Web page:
|Publication number||US4919289 A|
|Application number||US 07/318,233|
|Publication date||Apr 24, 1990|
|Filing date||Mar 3, 1989|
|Priority date||Dec 18, 1987|
|Publication number||07318233, 318233, US 4919289 A, US 4919289A, US-A-4919289, US4919289 A, US4919289A|
|Inventors||Peter A. Bartis|
|Original Assignee||Bartis Peter A|
|Export Citation||BiBTeX, EndNote, RefMan|
|Patent Citations (11), Referenced by (4), Classifications (4), Legal Events (6)|
|External Links: USPTO, USPTO Assignment, Espacenet|
This is a continuation-in-part application of co-pending, allowed U.S. patent application Ser. No. 135,058, filed Dec. 18, 1987 now U.S. Pat. No. 4,815,621.
The present invention relates to an above-ground, portable, double-walled container for storing waste liquids and to means for safely securing the cover of the container to the paste liquid storage tank(s).
Underground storage tanks are currently used to store petroleum products such as gasoline, crude oil and heating oil as well as chemicals listed on the Environmental Protection Agency's hazardous substance list. Contamination of ground water from these underground storage tanks has become a serious problem. Antiquated steel tanks lacking corrosion protection, leak detection devices and spill prevention devices are a prime source of this form of pollution.
The U.S. Environmental Protection Agency has proposed new regulations to prevent contamination from such underground storage tanks. These regulations require that all newly installed underground tanks be protected from corrosion. An underground steel tank must be cathodically protected and coated with corrosion-resistant materials. Other tanks must be made totally of a non-corrodible material such as fiberglass or of a composite of steel and non-corrodible material. The materials in the tank must also be electrolytically compatible with the stored product. All tanks must also have leak-detection systems that provide monitoring at least every 30 days and devices that prevent spills and overfills. Additionally, tanks used to store hazardous chemicals must have dual or secondary containment tanks and leak detection systems installed between the inner and outer tanks.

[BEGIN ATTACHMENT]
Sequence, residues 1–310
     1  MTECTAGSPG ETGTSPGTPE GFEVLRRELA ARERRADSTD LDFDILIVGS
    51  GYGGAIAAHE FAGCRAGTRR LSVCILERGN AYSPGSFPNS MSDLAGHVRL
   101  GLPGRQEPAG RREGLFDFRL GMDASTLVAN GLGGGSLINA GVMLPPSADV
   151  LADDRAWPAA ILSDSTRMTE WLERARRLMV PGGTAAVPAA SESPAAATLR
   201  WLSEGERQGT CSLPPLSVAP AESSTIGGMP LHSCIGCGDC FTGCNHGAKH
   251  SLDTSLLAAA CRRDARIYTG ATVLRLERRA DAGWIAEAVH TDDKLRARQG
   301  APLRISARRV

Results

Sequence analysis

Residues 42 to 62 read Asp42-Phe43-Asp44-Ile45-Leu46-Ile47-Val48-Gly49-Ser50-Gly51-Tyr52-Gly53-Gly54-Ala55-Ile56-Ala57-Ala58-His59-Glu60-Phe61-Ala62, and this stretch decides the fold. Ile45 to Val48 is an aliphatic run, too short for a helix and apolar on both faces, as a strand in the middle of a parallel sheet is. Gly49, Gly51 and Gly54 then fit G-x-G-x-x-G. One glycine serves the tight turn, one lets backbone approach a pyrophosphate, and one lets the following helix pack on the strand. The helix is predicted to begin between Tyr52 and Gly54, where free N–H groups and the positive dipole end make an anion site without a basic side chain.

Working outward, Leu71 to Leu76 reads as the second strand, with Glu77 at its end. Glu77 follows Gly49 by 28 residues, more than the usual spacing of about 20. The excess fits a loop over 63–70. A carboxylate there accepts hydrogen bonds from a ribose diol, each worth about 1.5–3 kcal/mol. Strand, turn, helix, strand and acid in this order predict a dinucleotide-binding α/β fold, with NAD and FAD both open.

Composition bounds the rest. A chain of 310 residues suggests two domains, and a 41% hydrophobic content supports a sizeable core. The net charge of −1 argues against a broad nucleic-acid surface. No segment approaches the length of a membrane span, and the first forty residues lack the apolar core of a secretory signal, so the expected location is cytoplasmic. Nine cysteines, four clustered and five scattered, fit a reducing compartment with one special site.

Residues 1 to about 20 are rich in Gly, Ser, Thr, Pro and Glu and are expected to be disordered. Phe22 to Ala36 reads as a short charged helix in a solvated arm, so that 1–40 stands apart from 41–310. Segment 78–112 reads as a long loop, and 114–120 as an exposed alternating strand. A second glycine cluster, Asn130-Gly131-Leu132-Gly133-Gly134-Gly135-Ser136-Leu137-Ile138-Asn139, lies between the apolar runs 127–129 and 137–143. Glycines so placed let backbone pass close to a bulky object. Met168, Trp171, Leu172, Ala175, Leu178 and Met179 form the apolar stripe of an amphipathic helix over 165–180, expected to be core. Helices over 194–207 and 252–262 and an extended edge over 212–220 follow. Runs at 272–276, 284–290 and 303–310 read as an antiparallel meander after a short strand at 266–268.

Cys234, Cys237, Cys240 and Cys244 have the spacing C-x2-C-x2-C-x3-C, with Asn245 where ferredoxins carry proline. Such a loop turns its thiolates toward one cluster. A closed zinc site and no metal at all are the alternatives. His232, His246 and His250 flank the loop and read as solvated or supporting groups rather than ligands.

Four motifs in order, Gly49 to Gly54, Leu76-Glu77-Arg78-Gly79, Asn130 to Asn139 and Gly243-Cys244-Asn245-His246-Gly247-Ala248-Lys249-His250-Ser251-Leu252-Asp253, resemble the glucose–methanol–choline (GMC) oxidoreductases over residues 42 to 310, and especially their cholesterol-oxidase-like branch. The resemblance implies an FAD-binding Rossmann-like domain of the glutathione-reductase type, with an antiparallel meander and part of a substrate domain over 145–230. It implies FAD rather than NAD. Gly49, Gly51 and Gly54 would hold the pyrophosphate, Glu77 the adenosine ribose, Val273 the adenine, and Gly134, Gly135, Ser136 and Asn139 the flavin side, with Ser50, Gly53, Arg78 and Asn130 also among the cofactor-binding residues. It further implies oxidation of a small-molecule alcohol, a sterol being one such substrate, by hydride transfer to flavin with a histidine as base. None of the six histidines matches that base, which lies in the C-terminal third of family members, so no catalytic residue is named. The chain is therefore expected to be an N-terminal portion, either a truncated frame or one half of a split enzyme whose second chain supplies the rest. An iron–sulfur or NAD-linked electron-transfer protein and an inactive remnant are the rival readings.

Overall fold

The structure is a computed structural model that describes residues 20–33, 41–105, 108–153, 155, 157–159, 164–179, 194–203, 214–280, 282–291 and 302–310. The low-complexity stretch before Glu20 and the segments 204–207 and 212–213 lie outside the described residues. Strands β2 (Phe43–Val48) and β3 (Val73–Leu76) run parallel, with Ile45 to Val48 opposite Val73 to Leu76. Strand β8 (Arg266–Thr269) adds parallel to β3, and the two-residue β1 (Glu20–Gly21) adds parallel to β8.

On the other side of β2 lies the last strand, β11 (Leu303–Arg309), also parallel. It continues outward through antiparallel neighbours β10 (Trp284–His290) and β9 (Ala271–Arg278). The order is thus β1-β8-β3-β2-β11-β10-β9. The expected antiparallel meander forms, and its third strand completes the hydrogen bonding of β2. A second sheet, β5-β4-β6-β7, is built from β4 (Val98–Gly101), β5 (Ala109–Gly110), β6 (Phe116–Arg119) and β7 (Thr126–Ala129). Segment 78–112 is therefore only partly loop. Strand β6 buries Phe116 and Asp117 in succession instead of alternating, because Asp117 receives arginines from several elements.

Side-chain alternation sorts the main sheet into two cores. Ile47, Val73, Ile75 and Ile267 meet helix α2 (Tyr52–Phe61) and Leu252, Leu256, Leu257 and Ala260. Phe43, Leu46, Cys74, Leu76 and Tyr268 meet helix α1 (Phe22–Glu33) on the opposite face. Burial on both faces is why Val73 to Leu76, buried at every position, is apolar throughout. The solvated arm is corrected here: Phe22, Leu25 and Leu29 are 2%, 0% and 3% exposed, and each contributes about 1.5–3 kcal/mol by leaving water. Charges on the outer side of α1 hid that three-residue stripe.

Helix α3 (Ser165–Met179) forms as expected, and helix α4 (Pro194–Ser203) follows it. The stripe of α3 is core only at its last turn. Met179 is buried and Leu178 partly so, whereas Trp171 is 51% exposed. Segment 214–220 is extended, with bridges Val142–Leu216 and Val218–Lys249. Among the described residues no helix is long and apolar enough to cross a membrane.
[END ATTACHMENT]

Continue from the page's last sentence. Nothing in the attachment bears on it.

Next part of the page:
Owners of underground tanks have begun to seek other methods of storage because of these and other onerous environmental regulations. These other methods have included the smaller and temporary above-ground use of 55 gallon drums and 275 gallon basement fuel tanks. Unfortunately, the use of these drums and tanks has not been without problems. Due to the absence of adequate corrosion protection, these drums and tanks have developed serious leaks. Containment dikes have been built around these above-ground tanks to collect the leaked contaminated liquids. These dikes, however, have caused other problems. For example, the dikes often become filled with rain water. Any additional leakage from the tanks simply overflows the sides. If the drums or tanks are empty, they often float or capsize in the filled dikes. Drains have been installed to allow collected water to be withdrawn, but if the drain plugs are inadvertently let loose or not replaced, they served no useful purpose. In most cases, the dikes create more problems than they solve. There is still a need for suitable alternative above-ground waste storage tanks.
Accordingly, it is an object of the present invention to provide a storage tank which is both practical and convenient.
It is a further object of the present invention to provide a storage tank as above which complies with and in most cases exceeds environmental regulations.